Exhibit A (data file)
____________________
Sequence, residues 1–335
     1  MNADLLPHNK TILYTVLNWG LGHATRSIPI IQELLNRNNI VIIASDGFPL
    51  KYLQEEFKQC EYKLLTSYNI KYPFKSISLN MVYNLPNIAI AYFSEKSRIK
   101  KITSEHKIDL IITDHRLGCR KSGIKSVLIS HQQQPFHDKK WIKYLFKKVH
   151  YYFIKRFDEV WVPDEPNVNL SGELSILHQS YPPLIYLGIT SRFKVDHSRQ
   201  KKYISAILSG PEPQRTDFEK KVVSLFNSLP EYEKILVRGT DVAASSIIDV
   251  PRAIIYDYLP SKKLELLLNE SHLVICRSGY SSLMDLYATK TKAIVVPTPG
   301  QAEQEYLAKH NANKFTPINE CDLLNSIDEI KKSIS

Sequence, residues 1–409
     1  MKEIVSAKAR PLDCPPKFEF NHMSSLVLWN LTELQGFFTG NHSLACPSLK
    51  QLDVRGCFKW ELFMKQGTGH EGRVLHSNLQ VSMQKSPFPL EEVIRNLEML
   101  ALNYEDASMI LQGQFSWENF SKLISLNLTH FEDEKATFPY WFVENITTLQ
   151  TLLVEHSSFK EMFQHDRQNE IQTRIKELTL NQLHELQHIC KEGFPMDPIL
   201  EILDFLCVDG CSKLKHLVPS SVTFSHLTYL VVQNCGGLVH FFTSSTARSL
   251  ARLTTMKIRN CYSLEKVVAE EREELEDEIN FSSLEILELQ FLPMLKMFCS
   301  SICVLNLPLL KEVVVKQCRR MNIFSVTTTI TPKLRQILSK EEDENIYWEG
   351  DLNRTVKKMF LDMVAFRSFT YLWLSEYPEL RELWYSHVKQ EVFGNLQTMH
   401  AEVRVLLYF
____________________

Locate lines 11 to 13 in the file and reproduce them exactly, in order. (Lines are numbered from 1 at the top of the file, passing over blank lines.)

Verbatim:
    51  QLDVRGCFKW ELFMKQGTGH EGRVLHSNLQ VSMQKSPFPL EEVIRNLEML
   101  ALNYEDASMI LQGQFSWENF SKLISLNLTH FEDEKATFPY WFVENITTLQ
   151  TLLVEHSSFK EMFQHDRQNE IQTRIKELTL NQLHELQHIC KEGFPMDPIL